Why I moved. Why I came back.

This is a story I have stopped myself from telling nearly half a dozen time since 2015. But stories have a life of their own and you can only keep them bottled up for so long.


If you follow me over here then you may have noticed a lull in posting last year, which was unusual even by my write-when-the-mood-strikes fashion. I was in a haze of unsettling emotions and while that was excellent food for writing, it created a unique situation for publishing said writing. It began, like all things do, with a tweet.

During the incident of “the problems with girls in the lab” by a prominent male scientist (I am not naming him, because I am convinced that will cause trolls to pop out of the woodwork faster than Bloody Mary herself), I tweeted a thing. A thing that apparently ended up on HuffPo. A thing that lead to a bizarre few months. Not because of the tweet, but because of who followed it all the way, not to my twitter account, but to my blog here. And what happened next was, for a lack of better word, perplexing.

A guy made a rambling video on my post, strangers called me an idiot, a spoiled princess, a brat, a whiner, a mediocre not-really-a-scientist (that was a fairly used one). People I had no idea they existed, sent essay length comments on my post calling me everything from lazy to pretty princess (can you smell the sexism in the air), and weirdly enough accusing me of “scoffing at hardworking Asian students”. This went on for almost three months, which was three months after the post was originally published.

When I first started getting the comments I laughed to myself, thinking who had so much time on their hands to make a video on an old post, that by my own standards, was a fairly basic piece. I stopped laughing when, disregarding the golden rule of the Internet that is to never, ever read the comments section, I read the comments section. It was an interesting experience. I have never had hundred of strangers call me names. I have, however, been laughed at by my classmates in Grade 6 when I was called to read one of my writings. So one would think, I would be used to that borderline out-of-body sensation. One would be wrong.

No matter how ‘strong’ you think you are, there are bound to be few things that will slither past your defenses. Flimsy barbs masquerading as criticism sneaks past my defenses, despite the fact that they hold very little substance. The sheer volume of the comments surprised and baffled me. I kept wondering what prompted so many people to resort to schoolyard bullying on a perfect stranger.

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Bemused. Confused. Angry. 

I have considered this blog to be a safe haven. A place where I could tune my voice, where I could share my thoughts and maybe, just maybe, help someone with similar struggles. To have that illusion of safety taken from me by weekly comments calling me all sorts of things, made me angry. Angry at the people writing those horrid things and at myself for letting them get to me. I can handle criticism. Of the few things my parents taught me when I was a child was to understand the validity of criticisms, to be self-critical enough to pay them heed. It is a lesson I have tried my best to remember. But this wasn’t criticism. It was strangers calling another stranger names. Perhaps they were bored. Perhaps they were just small-minded, spiteful human beings.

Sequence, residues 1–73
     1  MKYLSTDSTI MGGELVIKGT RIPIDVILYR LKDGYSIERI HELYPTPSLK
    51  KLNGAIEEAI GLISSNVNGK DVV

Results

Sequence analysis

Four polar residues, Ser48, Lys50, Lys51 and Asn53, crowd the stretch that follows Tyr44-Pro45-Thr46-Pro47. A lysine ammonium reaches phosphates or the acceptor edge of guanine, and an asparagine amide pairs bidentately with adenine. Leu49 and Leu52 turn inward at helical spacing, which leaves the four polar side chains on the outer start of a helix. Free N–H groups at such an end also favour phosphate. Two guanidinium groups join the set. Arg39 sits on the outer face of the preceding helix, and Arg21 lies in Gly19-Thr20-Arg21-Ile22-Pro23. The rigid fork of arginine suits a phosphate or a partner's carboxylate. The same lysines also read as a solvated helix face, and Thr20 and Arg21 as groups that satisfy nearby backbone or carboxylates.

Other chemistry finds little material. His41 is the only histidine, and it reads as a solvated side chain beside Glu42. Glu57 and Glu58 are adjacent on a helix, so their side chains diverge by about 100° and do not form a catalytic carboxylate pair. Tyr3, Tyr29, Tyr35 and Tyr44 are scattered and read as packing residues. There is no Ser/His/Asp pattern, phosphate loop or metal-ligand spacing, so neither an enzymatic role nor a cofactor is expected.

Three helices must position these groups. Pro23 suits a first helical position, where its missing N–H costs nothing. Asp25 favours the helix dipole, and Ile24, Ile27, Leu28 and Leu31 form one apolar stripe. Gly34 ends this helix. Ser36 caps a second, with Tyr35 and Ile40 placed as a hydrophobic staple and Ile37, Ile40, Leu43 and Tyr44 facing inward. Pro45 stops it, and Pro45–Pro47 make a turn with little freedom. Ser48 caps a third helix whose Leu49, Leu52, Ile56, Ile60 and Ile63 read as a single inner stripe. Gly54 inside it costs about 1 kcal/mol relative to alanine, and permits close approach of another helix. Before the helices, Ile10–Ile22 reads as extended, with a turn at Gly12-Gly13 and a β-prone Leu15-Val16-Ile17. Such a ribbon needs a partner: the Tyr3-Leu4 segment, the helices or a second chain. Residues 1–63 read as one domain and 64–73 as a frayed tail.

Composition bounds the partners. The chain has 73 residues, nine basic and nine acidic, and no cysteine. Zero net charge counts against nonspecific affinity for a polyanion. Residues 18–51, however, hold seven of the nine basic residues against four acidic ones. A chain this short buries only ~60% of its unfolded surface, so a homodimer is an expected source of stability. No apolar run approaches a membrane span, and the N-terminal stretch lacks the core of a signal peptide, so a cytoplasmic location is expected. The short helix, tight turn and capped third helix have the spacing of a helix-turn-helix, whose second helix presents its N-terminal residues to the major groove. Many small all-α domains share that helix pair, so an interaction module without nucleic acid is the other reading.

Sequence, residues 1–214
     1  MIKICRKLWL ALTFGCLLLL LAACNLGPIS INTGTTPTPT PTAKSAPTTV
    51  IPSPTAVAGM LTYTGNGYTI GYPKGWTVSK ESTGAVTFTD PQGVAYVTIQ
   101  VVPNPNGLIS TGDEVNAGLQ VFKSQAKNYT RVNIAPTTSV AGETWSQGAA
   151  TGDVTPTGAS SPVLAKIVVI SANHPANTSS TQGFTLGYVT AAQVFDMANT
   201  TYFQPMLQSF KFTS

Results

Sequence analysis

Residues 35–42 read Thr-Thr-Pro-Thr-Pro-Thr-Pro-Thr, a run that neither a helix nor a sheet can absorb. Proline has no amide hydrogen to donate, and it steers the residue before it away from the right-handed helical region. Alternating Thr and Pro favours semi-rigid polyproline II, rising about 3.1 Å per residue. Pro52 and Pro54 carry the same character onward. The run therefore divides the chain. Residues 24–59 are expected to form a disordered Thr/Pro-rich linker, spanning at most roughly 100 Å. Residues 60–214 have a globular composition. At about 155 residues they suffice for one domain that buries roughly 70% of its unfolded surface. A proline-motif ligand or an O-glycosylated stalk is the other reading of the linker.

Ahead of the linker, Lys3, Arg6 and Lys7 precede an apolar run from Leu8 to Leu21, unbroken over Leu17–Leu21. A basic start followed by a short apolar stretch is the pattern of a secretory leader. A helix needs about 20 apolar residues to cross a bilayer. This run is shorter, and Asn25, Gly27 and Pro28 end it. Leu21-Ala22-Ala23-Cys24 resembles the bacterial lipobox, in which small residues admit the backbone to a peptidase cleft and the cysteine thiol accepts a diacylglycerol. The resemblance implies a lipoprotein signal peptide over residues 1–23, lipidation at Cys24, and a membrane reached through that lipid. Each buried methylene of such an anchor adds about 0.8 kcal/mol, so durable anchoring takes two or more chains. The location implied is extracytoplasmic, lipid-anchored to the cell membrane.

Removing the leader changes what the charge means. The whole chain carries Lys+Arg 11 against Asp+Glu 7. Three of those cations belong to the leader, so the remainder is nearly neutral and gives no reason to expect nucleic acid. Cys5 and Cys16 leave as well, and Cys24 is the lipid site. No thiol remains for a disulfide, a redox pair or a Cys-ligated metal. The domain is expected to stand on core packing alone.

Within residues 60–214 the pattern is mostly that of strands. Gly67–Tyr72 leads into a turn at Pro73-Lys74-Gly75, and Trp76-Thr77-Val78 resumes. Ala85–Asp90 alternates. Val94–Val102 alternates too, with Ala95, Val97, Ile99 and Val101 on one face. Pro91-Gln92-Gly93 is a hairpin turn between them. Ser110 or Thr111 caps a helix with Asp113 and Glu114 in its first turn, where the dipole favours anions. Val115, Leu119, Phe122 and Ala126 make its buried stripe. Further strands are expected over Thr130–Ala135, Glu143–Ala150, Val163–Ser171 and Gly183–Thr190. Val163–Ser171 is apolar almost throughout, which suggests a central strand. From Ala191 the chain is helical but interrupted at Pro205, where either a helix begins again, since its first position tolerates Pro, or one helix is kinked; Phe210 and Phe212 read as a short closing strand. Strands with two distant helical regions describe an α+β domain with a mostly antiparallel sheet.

It reached a point where I was flinching at the orange speech bubble in WordPress. Flinching and sighing at the comments and pingbacks I would have to go through to disapprove (I had approved only the first and the last comment I received on this post out of more than half a dozen one). It turned from a bemused, off-kilter, one-off incident to a tiring, simmering rage-fest. It made me not want to write over here, a blog that has seen me through my first diagnosis of clinical depression. And I didn’t write for a while. I distanced myself from contributing to another science blog because a part of me was scared if something like this would happen there. That what I had to say was meaningless. That it would be better if I didn’t voice my thoughts.

This is when the rage at myself truly kicked in. Yes, I had to sort through all the horrible things being said about me. But I also had a tremendous amount of support from people I knew of in academia. They took the time to say kind and thoughtful things to me. I felt that by giving into the trepidation I was essentially letting both them and myself down. It took a while for me to sort through my own emotions and by then the rage had transformed into understanding myself a bit better.

I had carved a place for myself at 3 Am Ramblings. This is who I am. And I will be damned if I let anyone take that from me.

So I am back, writing. You can join me, but please, for the love of all that you hold dear, no essay length comments.

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3 thoughts on “Why I moved. Why I came back.

  1. Glad the cesspool of internet commentators didn’t get what they wanted. Every time I see someone run off the internet because some group of hatemongers are pissed someone else has a voice that isn’t theirs, I feel very deeply about that. That few seem to have a considered opinion of any nuance while the voices of derision, sneering, and emotional violence only seem to grow louder. I know in a lot of ways it doesn’t represent everyone but it seems so (most are actually silent, I believe). In some sense that seems worse to me.

    Thank you for writing such a honest and heartfelt account and sharing that difficult experience

    Like

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